New Jersey’s Senate is expected to vote Friday on allowing towns to use digital parking meters that alert enforcement officers about any violation so they can ticket the offending vehicle.
The system is intended to change consumer behavior, said Brian Cassidy of Municipal Parking Services.
“So that they’re no longer deciding that they’re going to tempt fate and try to park at a meter without paying,” he told lawmakers. “Our system has shown that, when we install the system, the compliance rate with people paying for parking the way they should typically goes from the low 60s to about 95 percent in a matter of months.”
Sen. Declan O’Scanlon, who supports using digital meters, said towns will have to use some discretion in issuing tickets.
“If they’re strictly going to enforce these laws, they will alienate customers. They will drive people out of their downtowns. They will antagonize their business community,” said O’Scanlon, R-Monmouth. “They really need to be careful and cut people a lot of slack. Give them every opportunity. Give grace periods. If they do it that way, this will be OK.”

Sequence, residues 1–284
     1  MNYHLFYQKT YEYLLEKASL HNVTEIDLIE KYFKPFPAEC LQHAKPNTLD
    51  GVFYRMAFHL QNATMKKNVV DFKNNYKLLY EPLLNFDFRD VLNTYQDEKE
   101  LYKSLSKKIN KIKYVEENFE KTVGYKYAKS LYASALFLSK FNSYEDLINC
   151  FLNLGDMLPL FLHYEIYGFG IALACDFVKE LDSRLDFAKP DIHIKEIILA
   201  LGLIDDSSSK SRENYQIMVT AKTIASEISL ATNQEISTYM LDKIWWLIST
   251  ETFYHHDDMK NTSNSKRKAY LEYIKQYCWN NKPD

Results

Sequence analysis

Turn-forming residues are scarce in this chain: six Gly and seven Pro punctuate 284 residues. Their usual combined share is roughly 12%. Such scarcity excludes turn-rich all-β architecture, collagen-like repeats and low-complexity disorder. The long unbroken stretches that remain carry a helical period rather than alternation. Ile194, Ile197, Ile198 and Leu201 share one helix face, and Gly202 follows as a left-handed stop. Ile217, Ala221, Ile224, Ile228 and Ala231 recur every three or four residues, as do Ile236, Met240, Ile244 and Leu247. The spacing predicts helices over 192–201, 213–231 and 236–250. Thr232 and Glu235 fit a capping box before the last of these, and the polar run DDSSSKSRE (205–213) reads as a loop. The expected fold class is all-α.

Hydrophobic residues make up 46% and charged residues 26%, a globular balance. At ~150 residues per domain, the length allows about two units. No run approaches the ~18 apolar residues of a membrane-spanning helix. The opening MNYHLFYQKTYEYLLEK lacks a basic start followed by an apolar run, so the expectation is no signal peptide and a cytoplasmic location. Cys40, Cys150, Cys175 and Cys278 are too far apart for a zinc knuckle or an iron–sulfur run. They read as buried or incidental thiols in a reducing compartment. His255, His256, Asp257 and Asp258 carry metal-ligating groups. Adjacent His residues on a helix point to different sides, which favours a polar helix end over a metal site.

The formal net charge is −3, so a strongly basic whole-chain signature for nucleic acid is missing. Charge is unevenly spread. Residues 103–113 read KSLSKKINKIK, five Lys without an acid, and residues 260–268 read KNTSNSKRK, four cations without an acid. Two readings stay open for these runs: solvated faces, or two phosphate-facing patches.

The legislation calls for a minimum three-minute grace period before a violation is recorded.
It also requires that a mobile application be integrated into the system to notify motorists before time expires on the meter and allow remote payment for additional time to avoid a ticket.